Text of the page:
Andrea Lo dives into the deep end with a high-intensity aqua fitness class.
I’ve always been into water-based activities, like swimming and stand-up paddle boarding. I like being able to control my own rhythm and be as lazy as I want. So when I heard about Hydro 1.0, Hong Kong’s first aqua fitness centre that offers high intensity, low impact exercises under water, I figured I’d totally ace it.
Hydro 1.0 was founded by Simon Cheung, who spent more than two decades working in logistics following a stint in the US Navy. He was inspired by his daughter’s passion for swimming and founded the centre initially to provide a place for swimmers to train. Hydro 1.0 eventually became an indoor aqua fitness centre, catering to a wide clientele – everyone from athletes to patients undergoing aquatic therapy.
Obviously, I don’t own proper exercise clothing, so I borrowed my mum’s long-sleeved swimsuit and shorts for the 40-minute aqua fitness class, selected as it sounded like the most gentle session on offer (I took a pass on underwater cycling, treadmill, aqua spinning, aqua CrossFit and dragonboat training). The focus of the class is on calorie-burning and increasing metabolic rate, and is good for fat-burning, muscles and building cardiovascular endurance.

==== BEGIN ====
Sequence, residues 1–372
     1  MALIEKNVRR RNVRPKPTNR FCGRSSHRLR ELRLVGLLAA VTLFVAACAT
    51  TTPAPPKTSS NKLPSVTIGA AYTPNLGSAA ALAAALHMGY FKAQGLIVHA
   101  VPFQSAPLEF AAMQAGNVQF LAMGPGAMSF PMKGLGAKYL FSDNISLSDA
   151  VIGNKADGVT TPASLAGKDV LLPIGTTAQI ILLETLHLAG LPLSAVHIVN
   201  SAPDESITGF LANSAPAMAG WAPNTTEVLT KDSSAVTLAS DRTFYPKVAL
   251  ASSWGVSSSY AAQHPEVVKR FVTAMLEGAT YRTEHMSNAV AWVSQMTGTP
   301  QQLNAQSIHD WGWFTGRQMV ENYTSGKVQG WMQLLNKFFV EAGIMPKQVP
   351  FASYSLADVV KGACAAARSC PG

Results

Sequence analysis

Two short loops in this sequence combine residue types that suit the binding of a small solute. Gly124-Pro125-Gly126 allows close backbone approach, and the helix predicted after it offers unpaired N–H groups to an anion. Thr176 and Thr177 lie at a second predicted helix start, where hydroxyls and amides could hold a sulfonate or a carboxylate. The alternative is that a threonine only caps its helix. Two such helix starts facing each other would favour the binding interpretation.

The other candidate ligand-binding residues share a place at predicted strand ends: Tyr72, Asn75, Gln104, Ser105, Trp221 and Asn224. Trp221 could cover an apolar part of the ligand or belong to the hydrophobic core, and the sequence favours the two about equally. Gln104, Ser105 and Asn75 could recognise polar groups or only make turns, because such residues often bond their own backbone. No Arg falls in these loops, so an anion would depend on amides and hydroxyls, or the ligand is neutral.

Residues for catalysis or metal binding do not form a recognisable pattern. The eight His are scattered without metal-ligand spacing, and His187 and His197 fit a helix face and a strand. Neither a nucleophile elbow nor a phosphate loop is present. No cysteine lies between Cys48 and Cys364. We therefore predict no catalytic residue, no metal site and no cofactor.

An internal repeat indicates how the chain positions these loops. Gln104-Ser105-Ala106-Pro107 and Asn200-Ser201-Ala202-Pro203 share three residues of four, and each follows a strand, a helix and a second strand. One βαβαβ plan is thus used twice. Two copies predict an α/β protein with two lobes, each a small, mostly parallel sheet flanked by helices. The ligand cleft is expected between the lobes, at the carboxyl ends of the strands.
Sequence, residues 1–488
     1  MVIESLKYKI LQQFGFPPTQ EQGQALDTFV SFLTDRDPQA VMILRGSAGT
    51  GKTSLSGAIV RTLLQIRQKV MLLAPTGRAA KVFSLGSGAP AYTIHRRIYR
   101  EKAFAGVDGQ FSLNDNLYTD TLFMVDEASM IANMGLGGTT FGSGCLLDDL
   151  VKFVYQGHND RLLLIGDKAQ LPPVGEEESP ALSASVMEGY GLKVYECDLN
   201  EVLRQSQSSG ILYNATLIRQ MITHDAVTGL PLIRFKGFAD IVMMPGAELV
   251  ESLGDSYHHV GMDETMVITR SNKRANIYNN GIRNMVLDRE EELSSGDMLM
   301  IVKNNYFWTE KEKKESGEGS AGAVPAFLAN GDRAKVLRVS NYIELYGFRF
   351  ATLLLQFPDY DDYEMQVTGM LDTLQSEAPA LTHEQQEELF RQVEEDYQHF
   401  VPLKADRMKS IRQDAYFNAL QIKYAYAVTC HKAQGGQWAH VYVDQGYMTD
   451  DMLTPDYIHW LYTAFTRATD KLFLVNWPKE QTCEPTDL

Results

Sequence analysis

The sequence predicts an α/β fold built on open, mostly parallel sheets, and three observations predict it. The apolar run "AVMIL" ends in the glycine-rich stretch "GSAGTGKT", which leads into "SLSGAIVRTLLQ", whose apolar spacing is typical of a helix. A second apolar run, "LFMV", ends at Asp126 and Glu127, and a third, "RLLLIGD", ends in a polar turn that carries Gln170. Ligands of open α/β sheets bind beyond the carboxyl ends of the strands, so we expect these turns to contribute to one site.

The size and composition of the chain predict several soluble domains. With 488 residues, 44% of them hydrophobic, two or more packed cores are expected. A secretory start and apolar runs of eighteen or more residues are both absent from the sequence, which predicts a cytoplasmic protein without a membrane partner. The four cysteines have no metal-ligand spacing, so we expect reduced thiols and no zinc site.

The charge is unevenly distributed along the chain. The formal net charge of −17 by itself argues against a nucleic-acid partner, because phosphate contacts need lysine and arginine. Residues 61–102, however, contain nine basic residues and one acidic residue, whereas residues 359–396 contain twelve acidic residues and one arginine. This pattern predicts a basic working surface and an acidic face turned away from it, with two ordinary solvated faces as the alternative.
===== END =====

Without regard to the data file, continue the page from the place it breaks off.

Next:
The centre is equipped with a small pool, accommodating classes of up to five people. I meet instructor Sasha. Formerly a pro swimmer, she taught aqua aerobics in her native Russia. Sasha is super energetic and ready to get us moving, even though the lovely warm water made me want to float around and not do anything.
We started off with some warm-up moves that consisted of us kicking our legs out the water, then in, then out again. Next we worked our arms using the water as resistance. The key is to stay still while you do these exercises, which I found close to impossible. Your coordination is all over the place while you’re in water. Jumping with my arms raised was fairly easy, but I just couldn’t nail raising my left arm and right leg together, and vice versa. The pool is equipped with an underwater camera projected on a screen, so you can see what you’re doing, and yes, I was totally out of synch with everyone else. Also: think you can’t sweat under water? Think again. I felt my heart rate go up, and Sasha commented that my cheeks were flushed.
I was getting out of breath when Sasha told us to grab a pool noodle each, and then use our body weight to push it down into the water. More used to reclining on a noodle while on a junk trip, this was astonishingly intense. The exercises got harder: Leg raises against the wall, and running around the pool as fast as we could – which looks silly and is also much tougher than it sounds.
When the 40 minutes were almost up, we went back to the easier exercises to cool down. The class was a real eye-opener: I can definitely see the appeal of aqua fitness, which presents a whole new way of working out. You learn a lot about how your body moves, and the fast pace of the class means that you actually get a good adrenaline rush. Maybe next time I’m floating around in a pool doughnut I’ll switch it up with some aqua fitness moves.
Hydro 1.0, Shop 6, G/F, Brilliant Court, 28 Praya, Kennedy Town, 9475-0737, www.hydro1hk.com.